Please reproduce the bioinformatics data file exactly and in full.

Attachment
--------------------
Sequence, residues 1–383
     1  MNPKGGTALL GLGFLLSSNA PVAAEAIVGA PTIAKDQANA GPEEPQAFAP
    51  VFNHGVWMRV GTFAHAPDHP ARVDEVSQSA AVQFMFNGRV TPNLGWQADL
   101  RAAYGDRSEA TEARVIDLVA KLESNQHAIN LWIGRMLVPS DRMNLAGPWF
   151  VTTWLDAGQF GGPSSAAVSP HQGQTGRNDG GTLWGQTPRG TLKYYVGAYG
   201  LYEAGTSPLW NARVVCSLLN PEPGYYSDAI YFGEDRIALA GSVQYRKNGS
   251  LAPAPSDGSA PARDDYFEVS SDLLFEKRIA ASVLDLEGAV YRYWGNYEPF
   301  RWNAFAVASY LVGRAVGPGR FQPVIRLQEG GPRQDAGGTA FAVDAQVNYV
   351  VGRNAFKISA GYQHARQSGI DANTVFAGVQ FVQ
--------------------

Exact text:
Sequence, residues 1–383
     1  MNPKGGTALL GLGFLLSSNA PVAAEAIVGA PTIAKDQANA GPEEPQAFAP
    51  VFNHGVWMRV GTFAHAPDHP ARVDEVSQSA AVQFMFNGRV TPNLGWQADL
   101  RAAYGDRSEA TEARVIDLVA KLESNQHAIN LWIGRMLVPS DRMNLAGPWF
   151  VTTWLDAGQF GGPSSAAVSP HQGQTGRNDG GTLWGQTPRG TLKYYVGAYG
   201  LYEAGTSPLW NARVVCSLLN PEPGYYSDAI YFGEDRIALA GSVQYRKNGS
   251  LAPAPSDGSA PARDDYFEVS SDLLFEKRIA ASVLDLEGAV YRYWGNYEPF
   301  RWNAFAVASY LVGRAVGPGR FQPVIRLQEG GPRQDAGGTA FAVDAQVNYV
   351  VGRNAFKISA GYQHARQSGI DANTVFAGVQ FVQ